Wednesday, October 8, 2014

Autumn 2

No calendar-worthy photos, just the nature around the high school where my son was refereeing soccer last Saturday.

Red maple (Acer rubrum) tends to mix its reds with remaining green.

Some relative of dogwood (Cornus) with blue fruit.

Staghorn sumac (Rhus tomentosa) is a large shrub/small tree with fuzzy stems and large, many-parted leaves.

Virginia creeper (Parthenocissus quinquefolia) is a pretty vine
that is even more striking when it turns.

The quaking aspen (Populus tremuloides) nearby had a few leaves turning,
but this gave a distinct yellow cast to trees in the distance.

Speckled alder (Alnus rugosa) basically turns brown in fall.
It's a valuable small tree though, because it has root nodules in which bacteria live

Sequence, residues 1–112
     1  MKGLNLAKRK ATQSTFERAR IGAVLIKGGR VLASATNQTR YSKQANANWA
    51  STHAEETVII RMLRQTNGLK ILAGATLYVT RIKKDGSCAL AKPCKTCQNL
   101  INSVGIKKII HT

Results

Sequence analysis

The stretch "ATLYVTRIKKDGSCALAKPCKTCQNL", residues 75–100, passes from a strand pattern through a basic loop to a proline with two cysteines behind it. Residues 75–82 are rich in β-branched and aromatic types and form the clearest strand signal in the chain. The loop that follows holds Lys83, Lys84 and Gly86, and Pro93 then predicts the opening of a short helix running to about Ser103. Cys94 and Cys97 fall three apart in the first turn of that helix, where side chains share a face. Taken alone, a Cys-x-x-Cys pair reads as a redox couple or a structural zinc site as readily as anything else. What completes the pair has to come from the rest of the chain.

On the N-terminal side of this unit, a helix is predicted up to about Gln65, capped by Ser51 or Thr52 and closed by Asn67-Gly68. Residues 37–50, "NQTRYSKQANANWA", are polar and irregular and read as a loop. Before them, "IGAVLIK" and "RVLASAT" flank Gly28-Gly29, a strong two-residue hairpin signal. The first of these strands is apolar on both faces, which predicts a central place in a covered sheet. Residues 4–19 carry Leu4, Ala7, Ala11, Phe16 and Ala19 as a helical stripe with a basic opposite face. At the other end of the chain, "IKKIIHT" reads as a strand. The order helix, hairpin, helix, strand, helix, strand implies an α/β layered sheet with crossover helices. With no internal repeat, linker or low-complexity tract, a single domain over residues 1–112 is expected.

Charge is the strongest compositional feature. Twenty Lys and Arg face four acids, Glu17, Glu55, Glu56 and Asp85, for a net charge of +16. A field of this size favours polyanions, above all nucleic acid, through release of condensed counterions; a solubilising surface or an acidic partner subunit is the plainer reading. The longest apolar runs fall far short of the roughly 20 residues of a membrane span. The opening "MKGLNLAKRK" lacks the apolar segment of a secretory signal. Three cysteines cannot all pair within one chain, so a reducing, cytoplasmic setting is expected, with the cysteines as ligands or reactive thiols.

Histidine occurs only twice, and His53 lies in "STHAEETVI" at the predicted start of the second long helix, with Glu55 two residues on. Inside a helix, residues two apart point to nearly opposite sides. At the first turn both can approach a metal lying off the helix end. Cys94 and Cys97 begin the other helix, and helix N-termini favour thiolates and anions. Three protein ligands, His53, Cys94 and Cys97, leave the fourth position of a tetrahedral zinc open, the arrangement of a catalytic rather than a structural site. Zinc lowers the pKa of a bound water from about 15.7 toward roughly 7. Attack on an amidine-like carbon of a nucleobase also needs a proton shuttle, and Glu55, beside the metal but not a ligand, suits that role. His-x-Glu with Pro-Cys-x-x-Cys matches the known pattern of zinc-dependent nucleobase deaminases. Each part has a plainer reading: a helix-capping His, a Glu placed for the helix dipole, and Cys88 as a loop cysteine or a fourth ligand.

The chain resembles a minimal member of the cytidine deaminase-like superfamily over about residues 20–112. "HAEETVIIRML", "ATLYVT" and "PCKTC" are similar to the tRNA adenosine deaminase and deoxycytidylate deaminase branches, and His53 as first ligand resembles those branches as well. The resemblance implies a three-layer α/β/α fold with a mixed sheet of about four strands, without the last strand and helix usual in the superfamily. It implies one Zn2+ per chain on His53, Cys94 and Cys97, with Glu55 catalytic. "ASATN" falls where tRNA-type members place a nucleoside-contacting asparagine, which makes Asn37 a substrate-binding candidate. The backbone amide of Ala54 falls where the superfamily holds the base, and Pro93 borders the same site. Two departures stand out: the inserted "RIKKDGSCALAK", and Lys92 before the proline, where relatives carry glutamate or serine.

and "fix" atmospheric nitrogen for the plant.  This ends up enriching the soil.
The catkins that will bloom next spring are already present.

Japanese knotweed (Polygonum cuspidatum) is a serious alien invasive.
It produces enormous numbers of offspring, and it's all over the place.

Poison ivy (Toxicodendron radicans), a good, card-carrying native,is mainly invasive
(not to mention annoying) because it is our shadow: it like the habitat "edges"
we create when we clear, build, etc.  But at least it's pretty in the fall!

At the pond edge, cattail (Typha latifolia) leaves are beginning
to die, but leaving their iconic fruits.

Just now in bloom, this aster seems a little incongruous.

Taking the large view, you can see that there's still a lot of color ahead.

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